Astronauts are scheduled for a spacewalk Thursday after NASA determined the orbit of the debris no longer poses a risk.
NASA mission managers originally called off the spacewalk for Kayla Barron and Thomas Marshburn the night before they planned to exit the International Space Station airlock due to a space debris notification.
Officials say that delaying the spacewalk provided an opportunity for NASA to evaluate the risk from the debris notification.
The scheduled spacewalk will be to replace a faulty antenna system on the station’s truss structure.
Barron and Marshburn were scheduled to exit the space station early Tuesday, but on Monday evening, the space agency said it received an alert of space debris for the ISS.
NASA did not disclose if the space debris was associated with the recent Russian anti-missile test that destroyed a satellite, creating thousands of new pieces of space trash in low-Earth orbit.
"Due to the lack of opportunity to properly assess the risk it could pose to the astronauts, teams have decided to delay the spacewalk planned for Tuesday, Nov. 30 until more information is available," NASA wrote in a blog post. "The space station schedule and operations are able to easily accommodate the delay of the spacewalk."
During a news conference on Monday, NASA managers spoke about how the agency calculates the risk of a spacewalk, also known as an extravehicular activity or EVA. It was a more complicated process for this EVA after Russia destroyed one of its satellites during an Anti-Satellite (ASAT) test earlier this month, creating approximately 1,500 pieces of space junk and forcing the seven astronauts to shelter. NASA said every 90 minutes; the ISS would pass near the debris field.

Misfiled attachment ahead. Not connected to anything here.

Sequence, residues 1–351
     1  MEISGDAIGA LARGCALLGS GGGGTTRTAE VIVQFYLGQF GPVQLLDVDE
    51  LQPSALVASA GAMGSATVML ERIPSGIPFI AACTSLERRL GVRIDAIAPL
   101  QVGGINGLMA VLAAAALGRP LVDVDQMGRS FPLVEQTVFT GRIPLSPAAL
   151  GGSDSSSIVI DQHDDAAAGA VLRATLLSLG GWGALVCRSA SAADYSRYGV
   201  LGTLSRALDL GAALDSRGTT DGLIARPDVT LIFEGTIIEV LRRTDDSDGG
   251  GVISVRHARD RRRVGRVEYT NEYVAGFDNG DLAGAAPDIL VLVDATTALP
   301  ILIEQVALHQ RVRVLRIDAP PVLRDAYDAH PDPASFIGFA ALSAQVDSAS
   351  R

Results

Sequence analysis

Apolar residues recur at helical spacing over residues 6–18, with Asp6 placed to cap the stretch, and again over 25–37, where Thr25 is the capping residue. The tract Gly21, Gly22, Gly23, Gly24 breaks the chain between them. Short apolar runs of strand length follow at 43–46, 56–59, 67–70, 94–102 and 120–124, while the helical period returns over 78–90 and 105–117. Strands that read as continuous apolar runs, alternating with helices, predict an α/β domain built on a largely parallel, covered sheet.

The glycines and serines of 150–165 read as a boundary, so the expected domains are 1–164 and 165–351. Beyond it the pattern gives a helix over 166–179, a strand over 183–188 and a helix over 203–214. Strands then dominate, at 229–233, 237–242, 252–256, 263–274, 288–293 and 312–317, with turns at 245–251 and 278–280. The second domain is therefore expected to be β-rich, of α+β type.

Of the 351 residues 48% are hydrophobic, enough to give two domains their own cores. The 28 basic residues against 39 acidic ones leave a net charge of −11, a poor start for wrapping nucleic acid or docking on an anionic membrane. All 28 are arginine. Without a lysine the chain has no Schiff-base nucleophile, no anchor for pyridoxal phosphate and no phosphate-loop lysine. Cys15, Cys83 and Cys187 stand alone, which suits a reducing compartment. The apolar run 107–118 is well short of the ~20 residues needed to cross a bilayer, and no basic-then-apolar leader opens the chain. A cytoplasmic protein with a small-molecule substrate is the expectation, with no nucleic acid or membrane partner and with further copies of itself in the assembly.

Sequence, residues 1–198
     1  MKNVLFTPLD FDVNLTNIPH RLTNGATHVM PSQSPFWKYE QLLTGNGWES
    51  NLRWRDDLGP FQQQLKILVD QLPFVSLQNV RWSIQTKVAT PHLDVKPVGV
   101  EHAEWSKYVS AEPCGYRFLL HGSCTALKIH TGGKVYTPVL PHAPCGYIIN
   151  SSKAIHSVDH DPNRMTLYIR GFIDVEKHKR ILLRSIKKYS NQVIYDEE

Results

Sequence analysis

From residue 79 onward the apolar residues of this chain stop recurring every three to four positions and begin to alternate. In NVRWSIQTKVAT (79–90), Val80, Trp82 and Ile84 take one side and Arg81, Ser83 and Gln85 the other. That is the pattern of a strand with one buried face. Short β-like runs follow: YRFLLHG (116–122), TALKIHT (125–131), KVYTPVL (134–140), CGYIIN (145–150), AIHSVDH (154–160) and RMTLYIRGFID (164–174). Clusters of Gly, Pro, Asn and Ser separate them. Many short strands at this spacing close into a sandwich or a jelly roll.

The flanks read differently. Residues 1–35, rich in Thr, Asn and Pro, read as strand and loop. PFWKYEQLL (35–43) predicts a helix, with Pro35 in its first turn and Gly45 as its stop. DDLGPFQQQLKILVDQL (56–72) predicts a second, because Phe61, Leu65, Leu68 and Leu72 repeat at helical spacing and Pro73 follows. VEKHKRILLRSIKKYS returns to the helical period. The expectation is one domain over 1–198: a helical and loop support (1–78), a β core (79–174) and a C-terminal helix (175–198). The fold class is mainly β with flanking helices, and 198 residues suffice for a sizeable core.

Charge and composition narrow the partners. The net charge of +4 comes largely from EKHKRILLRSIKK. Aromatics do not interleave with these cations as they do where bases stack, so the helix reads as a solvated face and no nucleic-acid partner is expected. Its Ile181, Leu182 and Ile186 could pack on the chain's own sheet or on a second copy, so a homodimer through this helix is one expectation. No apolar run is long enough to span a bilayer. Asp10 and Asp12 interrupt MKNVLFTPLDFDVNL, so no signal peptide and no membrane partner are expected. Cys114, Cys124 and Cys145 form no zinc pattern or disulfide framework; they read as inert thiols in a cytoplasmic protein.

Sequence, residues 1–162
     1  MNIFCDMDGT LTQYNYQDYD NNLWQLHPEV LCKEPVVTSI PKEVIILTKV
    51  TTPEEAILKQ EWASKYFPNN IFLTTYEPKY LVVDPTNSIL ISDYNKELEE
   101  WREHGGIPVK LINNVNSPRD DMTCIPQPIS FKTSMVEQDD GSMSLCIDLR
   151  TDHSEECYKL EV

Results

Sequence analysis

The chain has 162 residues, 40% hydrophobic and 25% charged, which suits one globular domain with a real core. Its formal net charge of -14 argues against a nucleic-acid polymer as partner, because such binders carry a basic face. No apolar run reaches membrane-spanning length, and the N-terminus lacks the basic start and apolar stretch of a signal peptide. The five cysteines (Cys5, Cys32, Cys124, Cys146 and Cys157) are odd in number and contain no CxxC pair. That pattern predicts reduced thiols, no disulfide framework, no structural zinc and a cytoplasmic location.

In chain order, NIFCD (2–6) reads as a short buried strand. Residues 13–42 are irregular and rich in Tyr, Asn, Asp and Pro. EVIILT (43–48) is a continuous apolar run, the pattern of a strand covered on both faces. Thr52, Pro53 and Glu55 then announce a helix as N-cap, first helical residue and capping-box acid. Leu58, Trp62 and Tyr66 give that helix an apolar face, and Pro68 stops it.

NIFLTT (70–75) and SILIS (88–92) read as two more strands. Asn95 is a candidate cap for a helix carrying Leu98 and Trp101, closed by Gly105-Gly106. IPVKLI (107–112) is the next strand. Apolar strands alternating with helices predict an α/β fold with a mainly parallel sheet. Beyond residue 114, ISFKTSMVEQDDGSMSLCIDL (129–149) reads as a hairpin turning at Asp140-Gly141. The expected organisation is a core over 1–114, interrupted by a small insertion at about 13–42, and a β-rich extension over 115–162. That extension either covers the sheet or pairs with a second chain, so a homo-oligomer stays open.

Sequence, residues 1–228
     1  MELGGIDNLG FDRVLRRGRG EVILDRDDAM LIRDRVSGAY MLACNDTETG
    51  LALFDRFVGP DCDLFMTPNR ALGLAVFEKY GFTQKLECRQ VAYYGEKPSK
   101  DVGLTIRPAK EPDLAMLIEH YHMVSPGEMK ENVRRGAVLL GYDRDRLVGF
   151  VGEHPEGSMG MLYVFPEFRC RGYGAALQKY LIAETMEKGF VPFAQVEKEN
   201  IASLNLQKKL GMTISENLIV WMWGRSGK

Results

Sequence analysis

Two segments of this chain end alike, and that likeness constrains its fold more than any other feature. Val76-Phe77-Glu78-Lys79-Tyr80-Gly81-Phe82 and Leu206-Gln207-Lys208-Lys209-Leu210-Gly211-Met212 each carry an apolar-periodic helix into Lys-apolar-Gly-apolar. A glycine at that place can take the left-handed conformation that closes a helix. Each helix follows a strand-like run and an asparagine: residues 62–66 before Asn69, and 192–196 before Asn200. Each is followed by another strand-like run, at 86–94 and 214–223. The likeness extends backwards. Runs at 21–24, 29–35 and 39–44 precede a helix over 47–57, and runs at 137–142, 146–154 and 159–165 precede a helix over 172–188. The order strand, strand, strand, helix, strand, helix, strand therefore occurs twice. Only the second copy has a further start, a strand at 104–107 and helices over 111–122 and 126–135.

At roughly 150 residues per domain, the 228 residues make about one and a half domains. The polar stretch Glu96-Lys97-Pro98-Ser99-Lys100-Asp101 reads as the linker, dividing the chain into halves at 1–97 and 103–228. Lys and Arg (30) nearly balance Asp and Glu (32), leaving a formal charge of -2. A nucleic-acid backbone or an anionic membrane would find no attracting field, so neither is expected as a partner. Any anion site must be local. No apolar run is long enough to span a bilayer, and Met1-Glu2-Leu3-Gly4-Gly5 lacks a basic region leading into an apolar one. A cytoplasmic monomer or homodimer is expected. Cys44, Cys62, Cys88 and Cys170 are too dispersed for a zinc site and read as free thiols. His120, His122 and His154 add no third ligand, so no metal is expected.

NASA's ISS deputy program manager Dana Weigel said the spacewalk was at an elevated risk for a debris strike to the crew by 7%. Still, she stressed that it is within the same risk "family" as previous spacewalks over the last few years.
"EVA has always been risky," Weigel said.
Astronauts wear pressurized spacesuits outside the ISS that are essentially mini-spacecraft to keep them alive. These are more vulnerable to smaller pieces of space debris than the ISS. The space station itself can be maneuvered to avoid a space junk strike. NASA did not say if a debris avoidance maneuver would be necessary.
Barron and Marshburn will spend more than 6 hours outside the space station to replace a faulty communication antenna system on its truss structure when the spacewalk is rescheduled. NASA managers said the antenna could no longer send data back to Earth, but it could still upload to the station. Before it went down, the antenna worked on the space station for more than 20 years.
In the meantime, NASA, the Department of Defense and international partners are still cataloging and adding all the new Russian debris to databases.
The Department of Defense's global Space Surveillance Network sensors track nearly 30,000 pieces of space debris. Some of these items include rocket hardware and defunct satellites. However, some trash is too small to be tracked.
With the Russian test debris, Weigel estimated there are about 1,700 new larger objects that are being tracked.
"It will take a few months to get all of those cataloged and into our normal debris tracking process, where we can then assess miss distances or how close these items get to ISS," Weigel said. "That's still work in front of us as those items get cataloged."